A return to traditional food and support of local farmers highlighted at Diné Food Summit
TSAILE, Ariz. — The sprouts of a Diné Food Policy emerged out of the Diné Bich’iiya’ Summit held at Diné College March 29-30 and at the Navajo Nation Museum March 31.
“Many of the current policies on agriculture are not favorable to local farmers and inhibit access to the traditional foods of our ancestors,” Navajo Nation Vice President Jonathan Nez said. “Here on the nation, we want to support our local farmers and bring our traditional foods back to the dinner table. That’s food sovereignty.”
An initial draft of the food policy was presented during the second day of the summit. Rather than focusing on production alone, the policy emphasizes self-sufficiency, health and culture.
“At this stage in society we don’t have a say in what kind of food comes onto the Navajo Nation,” said Dr. Franklin Sage, director of the Diné Policy Institute. “With a food policy, we will have a say. We need access to healthy food. We need to take back ownership over what we eat.”
Because there are so many components to food policy, the Diné Bich’iiya’ Summit was helpful to bring together like-minded individuals with varying degrees of knowledge and a diversity of expertise. Thus far, in addition to a draft policy, there are recommendations for the future United States Farm Bill, reports and food-related policies from other entities that need to be taken into consideration.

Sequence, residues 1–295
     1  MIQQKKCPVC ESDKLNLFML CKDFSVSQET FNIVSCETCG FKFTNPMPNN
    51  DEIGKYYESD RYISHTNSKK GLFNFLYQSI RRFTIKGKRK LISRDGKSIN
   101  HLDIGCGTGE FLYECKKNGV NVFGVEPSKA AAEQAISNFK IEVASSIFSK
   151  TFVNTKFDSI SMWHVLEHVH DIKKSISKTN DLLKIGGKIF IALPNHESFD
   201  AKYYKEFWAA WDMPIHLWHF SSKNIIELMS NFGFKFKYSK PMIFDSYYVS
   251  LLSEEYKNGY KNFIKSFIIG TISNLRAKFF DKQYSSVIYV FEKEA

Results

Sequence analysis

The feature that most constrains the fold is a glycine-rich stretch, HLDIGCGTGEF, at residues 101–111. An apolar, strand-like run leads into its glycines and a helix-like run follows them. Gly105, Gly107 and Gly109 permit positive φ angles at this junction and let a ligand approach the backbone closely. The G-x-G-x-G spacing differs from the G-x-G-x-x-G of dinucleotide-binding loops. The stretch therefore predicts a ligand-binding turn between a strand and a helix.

“This is a new beginning for food policy on Navajo,” Navajo Nation President Russell Begaye said. “There has been deliberation over the years that eventually went stagnant, but with the food summit we are bringing it back to prominence with the help of many people and organizations.”
At the summit, there were presentations on Good Agricultural Practices (GAP), traditional food practices, the farm to school effort and misconceptions of food policies. There was also a 5K run on the first day and attendees broke out into sessions in the afternoons for the first two days for food demonstrations, fitness gardening, the community food system and more. On the last day of the summit, there was a hands-on gardening activity by Diné College Land Grant Office, Tolaní Lake Enterprise and Little Colorado River Watershed Chapters Association at the Navajo Nation Museum in
Window Rock. The session was the first of a five-part series on gardening that will take place over the course of the summer. In all, over 300 people attended the food summit.
Health and wellness have been a priority of the Begaye-Nez administration since taking office. In the first year, the President and Vice President challenged families to start a garden. In the second year, the Office of the President and Vice President teamed up with Diné College for the Diné Bich’iiya’ Summit and challenged communities to reestablish local farms. In the third year, the center of the summit and the new challenge is to develop a food policy.
“With this year’s summit, we are coming back together to share knowledge and expertise,” Nez said. “We see farms popping back up around the nation and people more interested in farming. With that momentum, we are now focusing on how food is produced, processed, distributed and purchased with a food policy that we hope to complete by the end of the year.”
The Office of the President and Vice President would like to thank Diné College, Navajo Department of Health, and all of our non-profits and participants for your contributions and encouraging presence.
Information provided by the Office of the President and the Vice President
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